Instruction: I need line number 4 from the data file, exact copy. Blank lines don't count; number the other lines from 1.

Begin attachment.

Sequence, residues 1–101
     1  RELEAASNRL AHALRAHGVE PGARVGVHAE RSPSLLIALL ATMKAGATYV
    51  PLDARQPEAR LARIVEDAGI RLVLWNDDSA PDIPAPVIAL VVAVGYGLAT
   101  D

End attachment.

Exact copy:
   101  D